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IMPACT: Our Word Of The Year



Our word of the year is IMPACT and Carol Decker, Enumclaw resident and sepsis survivor, shared her story and what it means to have impact on others. Her powerful message will shape our work and have lasting impact through the years. We hope you will take a few moments to listen to Carol's words for us.

Carol Decker, Sepsis and DIC Survivor
Wow this is just such an honor for me to be here in my own community and to be in front of all of you who have such a great calling in life. I’m, gosh, I’m just really touched by Mike’s speech already. I’m ready to go do whatever he wants me to do, so [laughter]

I will tell you some of the life lessons that I’ve learned throughout my challenges and my experiences in life, and how they’ve helped me. And I want you, as teachers, to think about something in your life that has impacted you, whether it be a negative or a positive aspect. How that affected you, what you did with that, whether it’s still haunting you, or whether you decided to turn it into something positive.

As I tell you my challenges that I went through physically, emotionally, mentally that I have found over the years now lots of opportunities have come my way that I didn’t even know existed or that were going to happen and that I could have gone down multiple different paths and different directions with what happened to me because most people don’t survive from it. It’s about a 10 to 15 percent survival rate. I’m really lucky to be here today. I also had a fever of 106.9, so I’m glad that my brain works enough to speak to you. My kidneys started to shut down for a few days, and I was on dialysis and luckily they started working again. I’m just so grateful for the doctors and for the decision my husband had to make. He had to tell the doctors to amputate both my feet, my left hand, and my right ring finger.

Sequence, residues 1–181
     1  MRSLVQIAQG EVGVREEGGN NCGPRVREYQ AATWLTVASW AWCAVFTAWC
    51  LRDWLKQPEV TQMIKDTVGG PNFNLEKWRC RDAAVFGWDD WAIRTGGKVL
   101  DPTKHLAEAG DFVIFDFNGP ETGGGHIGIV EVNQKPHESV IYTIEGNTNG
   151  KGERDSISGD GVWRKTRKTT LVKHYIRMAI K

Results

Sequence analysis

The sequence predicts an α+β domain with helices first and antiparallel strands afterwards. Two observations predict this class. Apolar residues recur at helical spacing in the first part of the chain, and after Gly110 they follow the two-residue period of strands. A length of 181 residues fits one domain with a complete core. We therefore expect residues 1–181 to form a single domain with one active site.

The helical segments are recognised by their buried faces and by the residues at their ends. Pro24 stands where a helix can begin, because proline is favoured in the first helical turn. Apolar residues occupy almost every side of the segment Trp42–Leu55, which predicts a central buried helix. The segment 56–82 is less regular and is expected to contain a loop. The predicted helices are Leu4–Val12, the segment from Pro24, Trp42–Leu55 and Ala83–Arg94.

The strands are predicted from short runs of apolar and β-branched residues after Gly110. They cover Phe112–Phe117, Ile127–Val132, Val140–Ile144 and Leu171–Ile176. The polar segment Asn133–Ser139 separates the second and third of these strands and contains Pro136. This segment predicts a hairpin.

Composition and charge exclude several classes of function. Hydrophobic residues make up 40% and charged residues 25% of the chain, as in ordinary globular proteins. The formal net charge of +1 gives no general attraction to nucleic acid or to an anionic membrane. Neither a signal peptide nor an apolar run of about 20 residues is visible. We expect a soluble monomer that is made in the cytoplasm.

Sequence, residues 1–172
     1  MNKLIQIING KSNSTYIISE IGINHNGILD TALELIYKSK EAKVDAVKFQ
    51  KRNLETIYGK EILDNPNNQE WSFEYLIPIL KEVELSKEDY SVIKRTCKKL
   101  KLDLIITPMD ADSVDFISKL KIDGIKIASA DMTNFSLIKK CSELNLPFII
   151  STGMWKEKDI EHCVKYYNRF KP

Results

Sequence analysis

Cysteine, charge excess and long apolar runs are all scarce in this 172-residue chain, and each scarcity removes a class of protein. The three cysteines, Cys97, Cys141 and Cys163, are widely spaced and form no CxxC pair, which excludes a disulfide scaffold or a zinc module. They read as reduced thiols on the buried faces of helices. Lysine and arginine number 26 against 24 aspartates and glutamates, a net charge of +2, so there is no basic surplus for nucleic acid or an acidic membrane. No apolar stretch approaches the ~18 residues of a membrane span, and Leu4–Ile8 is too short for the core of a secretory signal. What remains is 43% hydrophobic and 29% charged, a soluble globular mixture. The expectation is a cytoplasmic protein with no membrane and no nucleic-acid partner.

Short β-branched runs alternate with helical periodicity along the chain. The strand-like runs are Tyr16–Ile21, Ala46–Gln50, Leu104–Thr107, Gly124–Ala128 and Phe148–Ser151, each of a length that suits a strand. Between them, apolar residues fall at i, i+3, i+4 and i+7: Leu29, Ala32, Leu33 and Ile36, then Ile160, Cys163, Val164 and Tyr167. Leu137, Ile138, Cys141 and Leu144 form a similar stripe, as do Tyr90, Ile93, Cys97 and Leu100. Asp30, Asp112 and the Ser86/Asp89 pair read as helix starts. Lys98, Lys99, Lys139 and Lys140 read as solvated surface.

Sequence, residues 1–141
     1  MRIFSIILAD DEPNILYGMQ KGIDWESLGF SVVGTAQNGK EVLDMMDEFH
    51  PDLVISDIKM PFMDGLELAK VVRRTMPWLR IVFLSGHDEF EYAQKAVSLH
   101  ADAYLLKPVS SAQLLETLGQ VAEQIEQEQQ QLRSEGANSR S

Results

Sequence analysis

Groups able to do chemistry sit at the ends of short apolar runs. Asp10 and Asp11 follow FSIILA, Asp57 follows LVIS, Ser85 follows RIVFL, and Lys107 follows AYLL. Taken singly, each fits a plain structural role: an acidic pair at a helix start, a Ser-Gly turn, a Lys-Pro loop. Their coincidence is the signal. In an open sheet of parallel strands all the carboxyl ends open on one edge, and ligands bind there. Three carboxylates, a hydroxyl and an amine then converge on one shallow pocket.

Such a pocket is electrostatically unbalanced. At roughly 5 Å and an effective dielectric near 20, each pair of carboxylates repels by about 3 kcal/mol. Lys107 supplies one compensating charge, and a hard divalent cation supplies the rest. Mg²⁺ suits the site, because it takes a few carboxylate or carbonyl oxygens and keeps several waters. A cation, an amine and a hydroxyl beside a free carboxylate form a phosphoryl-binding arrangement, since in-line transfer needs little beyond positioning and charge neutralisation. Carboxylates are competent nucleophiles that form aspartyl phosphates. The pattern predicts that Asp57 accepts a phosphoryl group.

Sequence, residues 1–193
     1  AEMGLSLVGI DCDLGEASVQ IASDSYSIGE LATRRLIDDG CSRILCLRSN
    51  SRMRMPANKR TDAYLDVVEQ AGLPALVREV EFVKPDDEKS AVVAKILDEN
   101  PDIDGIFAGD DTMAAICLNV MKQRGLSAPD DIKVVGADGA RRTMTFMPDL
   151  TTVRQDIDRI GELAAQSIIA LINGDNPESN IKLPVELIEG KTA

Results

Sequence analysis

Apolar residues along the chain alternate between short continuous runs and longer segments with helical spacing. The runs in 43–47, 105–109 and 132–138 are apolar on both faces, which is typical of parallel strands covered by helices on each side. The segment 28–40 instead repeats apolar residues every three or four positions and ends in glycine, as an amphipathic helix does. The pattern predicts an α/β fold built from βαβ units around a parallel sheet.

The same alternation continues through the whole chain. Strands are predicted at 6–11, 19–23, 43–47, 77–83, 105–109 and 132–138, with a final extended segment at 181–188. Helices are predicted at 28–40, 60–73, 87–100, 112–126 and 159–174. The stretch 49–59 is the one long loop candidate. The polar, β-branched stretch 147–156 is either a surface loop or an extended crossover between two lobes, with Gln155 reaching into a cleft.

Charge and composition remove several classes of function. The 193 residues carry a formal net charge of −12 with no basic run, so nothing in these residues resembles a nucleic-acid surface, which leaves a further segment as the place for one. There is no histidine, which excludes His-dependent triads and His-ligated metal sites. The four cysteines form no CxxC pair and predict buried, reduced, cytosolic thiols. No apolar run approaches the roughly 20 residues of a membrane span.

The word impact to me, I did a little bit of research, and so I came up with this little thing in my head. The first three letters I.M.P. stand for important to me. There’s a quote I found from John Dewey, he was an American philosopher and an educator, he was a professor at Columbia and the University of Michigan back in the 20th century, and he has a quote in there that says, “The deepest urge in human nature is the desire to be important.” And that really stood out to me that each and every one of your students deserves to be important on an individual basis. And each and every one of you teachers deserves to be important. And we all want to be important, right? No matter what we’re doing, whether it’s our career or being a mother, we want to feel like what we’re doing is right and that we feel important in doing it. I think that kids need to feel that even more so because they’re looking for that expectation from us to get them to do certain things in their lives.

The last three letters of impact are A.C.T., and I believe that we need to act on our instincts more. That when you notice someone having a bad day we need to go over and talk to them and find out what’s going on and if they want to talk to you. Or give someone a compliment when you see they are wearing cute shoes or whatever. I feel like for me that people would call me out of the blue and they didn’t even know that maybe I was having a bad day or I needed to do something, and the next thing that you know they have done something for me that makes you feel important, that makes you feel special. And because of those, you know, acting on your instincts.

[logo: Enumclaw School District
Mission: Ensuring the equity of all students achieving at high levels]

Mike Nelson, Enumclaw School District Superintendent
And with that we are officially launching our school year, so welcome to the 2017-2018 school year. We’re starting! [cheering and applause]